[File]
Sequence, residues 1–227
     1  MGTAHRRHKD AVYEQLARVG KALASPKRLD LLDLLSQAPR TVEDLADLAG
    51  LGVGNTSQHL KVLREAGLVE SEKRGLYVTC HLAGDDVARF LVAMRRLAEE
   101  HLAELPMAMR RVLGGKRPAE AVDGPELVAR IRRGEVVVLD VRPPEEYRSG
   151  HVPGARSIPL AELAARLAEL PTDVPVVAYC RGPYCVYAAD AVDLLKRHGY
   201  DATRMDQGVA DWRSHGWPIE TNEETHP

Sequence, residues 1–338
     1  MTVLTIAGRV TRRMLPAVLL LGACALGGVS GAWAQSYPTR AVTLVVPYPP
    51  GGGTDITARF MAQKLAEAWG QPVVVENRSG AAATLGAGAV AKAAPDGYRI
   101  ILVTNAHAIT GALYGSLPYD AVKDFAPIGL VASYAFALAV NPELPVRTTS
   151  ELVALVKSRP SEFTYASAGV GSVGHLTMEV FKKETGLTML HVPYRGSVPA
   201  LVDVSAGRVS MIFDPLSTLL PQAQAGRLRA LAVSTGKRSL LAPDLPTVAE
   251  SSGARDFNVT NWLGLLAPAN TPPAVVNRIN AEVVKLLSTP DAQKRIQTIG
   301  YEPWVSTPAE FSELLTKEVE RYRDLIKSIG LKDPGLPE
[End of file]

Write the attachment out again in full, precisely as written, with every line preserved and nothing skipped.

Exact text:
Sequence, residues 1–227
     1  MGTAHRRHKD AVYEQLARVG KALASPKRLD LLDLLSQAPR TVEDLADLAG
    51  LGVGNTSQHL KVLREAGLVE SEKRGLYVTC HLAGDDVARF LVAMRRLAEE
   101  HLAELPMAMR RVLGGKRPAE AVDGPELVAR IRRGEVVVLD VRPPEEYRSG
   151  HVPGARSIPL AELAARLAEL PTDVPVVAYC RGPYCVYAAD AVDLLKRHGY
   201  DATRMDQGVA DWRSHGWPIE TNEETHP

Sequence, residues 1–338
     1  MTVLTIAGRV TRRMLPAVLL LGACALGGVS GAWAQSYPTR AVTLVVPYPP
    51  GGGTDITARF MAQKLAEAWG QPVVVENRSG AAATLGAGAV AKAAPDGYRI
   101  ILVTNAHAIT GALYGSLPYD AVKDFAPIGL VASYAFALAV NPELPVRTTS
   151  ELVALVKSRP SEFTYASAGV GSVGHLTMEV FKKETGLTML HVPYRGSVPA
   201  LVDVSAGRVS MIFDPLSTLL PQAQAGRLRA LAVSTGKRSL LAPDLPTVAE
   251  SSGARDFNVT NWLGLLAPAN TPPAVVNRIN AEVVKLLSTP DAQKRIQTIG
   301  YEPWVSTPAE FSELLTKEVE RYRDLIKSIG LKDPGLPE